Harsha Rajasimha:

So when you look at the real, practical application of AI, it is still in the early stages in proof of concept and data collection, whereas the industry already has the tools, just that we don’t have good quality data.

Harsha Rajasimha:

What we are doing to address one of our customer problems is the continuous learning and continuous improvement to optimize clinical trials. We have attrition, so if we need 100 patients in a clinical study, you need to reach out to maybe 1,000 subjects, and this is typical, not specific to rare disease, but out of those, how many are screened are determined to be eligible, and how many of them actually review the informed consent form and how many of them actually consent to being part of the clinical study, and then they get either randomized, or depending on the trial protocol design, then the administration of the drug itself, collecting data via surveys and visits, either in person or telehealth visits, and then monitoring.

Harsha Rajasimha:

Imagine conducting this type of study, which is not 9 months, or 3 years, but 5 years, or 10 years, or 15 years. Every step of this workflow, there is attrition happening. Patients are dropping out, they are dropping out very early in this process of recruitment, or after they are, about 30% of them drop out during the course of a trial, even with an average trial duration of 2 years or so. But in the longer term trials, that problem can be significant.

Harsha Rajasimha:

And particularly in rare disease with very small populations, the problem of patients dropping out can mean significant loss. 1 out of 10 patients dropping means 10% of the data is missing now.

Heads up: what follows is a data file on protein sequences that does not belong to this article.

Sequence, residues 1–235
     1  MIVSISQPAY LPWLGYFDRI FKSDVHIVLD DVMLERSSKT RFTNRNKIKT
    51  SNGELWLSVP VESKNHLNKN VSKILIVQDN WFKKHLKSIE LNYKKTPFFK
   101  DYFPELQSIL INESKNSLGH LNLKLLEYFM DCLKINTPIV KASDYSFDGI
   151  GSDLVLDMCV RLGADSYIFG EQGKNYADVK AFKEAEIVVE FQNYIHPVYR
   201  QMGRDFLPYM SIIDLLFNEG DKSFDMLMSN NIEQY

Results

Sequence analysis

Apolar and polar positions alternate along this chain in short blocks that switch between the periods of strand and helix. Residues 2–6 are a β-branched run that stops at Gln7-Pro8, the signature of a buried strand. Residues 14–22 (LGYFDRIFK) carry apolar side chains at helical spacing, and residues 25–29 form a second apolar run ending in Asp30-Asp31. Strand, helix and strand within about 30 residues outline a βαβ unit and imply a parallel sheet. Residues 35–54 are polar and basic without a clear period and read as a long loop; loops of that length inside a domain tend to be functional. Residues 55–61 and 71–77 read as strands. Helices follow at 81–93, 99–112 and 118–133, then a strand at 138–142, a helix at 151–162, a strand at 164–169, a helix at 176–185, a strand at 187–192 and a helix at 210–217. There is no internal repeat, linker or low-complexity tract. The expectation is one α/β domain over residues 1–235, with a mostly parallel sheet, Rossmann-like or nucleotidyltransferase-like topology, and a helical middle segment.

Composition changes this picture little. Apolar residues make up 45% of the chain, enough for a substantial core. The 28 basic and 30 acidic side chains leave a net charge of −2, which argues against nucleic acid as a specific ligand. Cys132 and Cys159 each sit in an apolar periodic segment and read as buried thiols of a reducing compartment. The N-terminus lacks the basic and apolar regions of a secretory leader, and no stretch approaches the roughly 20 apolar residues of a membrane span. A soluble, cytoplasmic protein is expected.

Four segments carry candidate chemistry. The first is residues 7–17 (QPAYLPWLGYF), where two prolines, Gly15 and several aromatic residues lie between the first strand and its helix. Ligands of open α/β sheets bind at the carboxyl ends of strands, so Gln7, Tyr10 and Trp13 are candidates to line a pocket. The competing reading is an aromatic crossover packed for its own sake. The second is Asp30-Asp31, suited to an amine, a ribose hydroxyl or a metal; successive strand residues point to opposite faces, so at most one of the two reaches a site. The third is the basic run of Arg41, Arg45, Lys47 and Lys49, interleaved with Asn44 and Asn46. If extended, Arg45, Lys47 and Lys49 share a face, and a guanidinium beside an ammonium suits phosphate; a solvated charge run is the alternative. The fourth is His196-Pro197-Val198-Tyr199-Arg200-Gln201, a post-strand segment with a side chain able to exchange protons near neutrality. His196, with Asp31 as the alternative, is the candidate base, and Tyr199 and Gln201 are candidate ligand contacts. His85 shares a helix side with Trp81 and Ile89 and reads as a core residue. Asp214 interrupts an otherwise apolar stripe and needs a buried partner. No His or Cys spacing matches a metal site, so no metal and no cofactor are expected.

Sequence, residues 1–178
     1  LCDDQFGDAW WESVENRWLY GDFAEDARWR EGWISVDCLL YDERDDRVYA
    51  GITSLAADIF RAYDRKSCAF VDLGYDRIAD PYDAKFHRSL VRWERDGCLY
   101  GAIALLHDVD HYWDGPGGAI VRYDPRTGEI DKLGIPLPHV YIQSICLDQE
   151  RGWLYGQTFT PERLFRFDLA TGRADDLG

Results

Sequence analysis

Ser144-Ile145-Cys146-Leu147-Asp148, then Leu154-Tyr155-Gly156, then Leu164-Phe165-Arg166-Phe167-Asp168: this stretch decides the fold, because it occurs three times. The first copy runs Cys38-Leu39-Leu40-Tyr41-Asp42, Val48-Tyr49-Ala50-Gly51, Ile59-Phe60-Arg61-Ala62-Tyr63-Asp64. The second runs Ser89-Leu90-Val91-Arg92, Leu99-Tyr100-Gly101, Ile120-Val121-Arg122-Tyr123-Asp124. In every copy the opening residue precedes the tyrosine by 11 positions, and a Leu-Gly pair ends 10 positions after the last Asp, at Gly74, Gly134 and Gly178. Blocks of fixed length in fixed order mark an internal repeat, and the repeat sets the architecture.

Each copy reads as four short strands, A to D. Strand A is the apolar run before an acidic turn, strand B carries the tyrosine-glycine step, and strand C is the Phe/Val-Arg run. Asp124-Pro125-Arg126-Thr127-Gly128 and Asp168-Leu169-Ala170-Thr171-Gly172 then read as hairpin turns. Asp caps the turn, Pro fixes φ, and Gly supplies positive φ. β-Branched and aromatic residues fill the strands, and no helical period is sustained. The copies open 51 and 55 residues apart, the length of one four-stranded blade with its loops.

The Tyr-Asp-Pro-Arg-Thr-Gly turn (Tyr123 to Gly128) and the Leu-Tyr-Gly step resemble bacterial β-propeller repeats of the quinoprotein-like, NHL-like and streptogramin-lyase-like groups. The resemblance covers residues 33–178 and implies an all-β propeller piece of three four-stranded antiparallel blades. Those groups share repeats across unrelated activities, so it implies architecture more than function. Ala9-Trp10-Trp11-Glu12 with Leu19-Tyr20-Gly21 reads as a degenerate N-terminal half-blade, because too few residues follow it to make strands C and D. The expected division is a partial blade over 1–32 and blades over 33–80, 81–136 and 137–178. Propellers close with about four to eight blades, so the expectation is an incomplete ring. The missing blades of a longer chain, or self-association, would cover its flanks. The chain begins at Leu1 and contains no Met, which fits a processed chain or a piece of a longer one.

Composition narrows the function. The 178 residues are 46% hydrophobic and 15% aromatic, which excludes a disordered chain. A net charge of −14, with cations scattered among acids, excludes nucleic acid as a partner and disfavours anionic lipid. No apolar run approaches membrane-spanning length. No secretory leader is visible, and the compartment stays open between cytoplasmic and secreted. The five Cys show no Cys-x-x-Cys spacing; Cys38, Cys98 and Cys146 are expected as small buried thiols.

Harsha Rajasimha:

So what we believe, is that having AI to manage this process, which can monitor what’s happening through all this life cycle and continuously improving our process can significantly reduce the attrition rate, as well as improve the patient recruitment speed indirectly as well.

Harsha Rajasimha:

So what we are doing at Jeeva, is a decentralized clinical trials technology platform that brings together the end-to-end of the clinical trial process from prescreening the participants, identifying those who are eligible, performing electronic consent, patient reported outcomes, data collection via mobile apps, and electronic wizards, outcome assessments, all of that via mobile app and a web-based app that the clinical trial research team and the patient can engage through. They get reminders, alerts, notifications, and the monitoring is done instead of in the traditional process where a sponsor engaging with a contract research organization or otherwise has recruited a number of brick-and-mortar sites and those sites are recruiting patients in person, that paradigm is now entirely streamlined using software as a service, and using technology on a cloud, with centralized data capture and monitoring technology, which is also driven by AI to some degree where it makes sense.

Harsha Rajasimha:

AI in this context could mean anything from natural language processing, voice recognition, to learning from past clinical trials data sets, that we are conducting ourselves to help optimize the trial in real time as the trial is ongoing to ensure the timelines are accelerated, the attrition of patients during the trial is reduced, and the overall user experience of being part of a clinical study is enhanced significantly.

Harsha Rajasimha:

Of course, anything in clinical trials has significant regulatory compliance requirements. A couple of them include HIPAA and FDA 21 CFR Part 11, but of course, there is also GDPR and a few other state-level requirements and other regulatory requirements as well.

Harsha Rajasimha: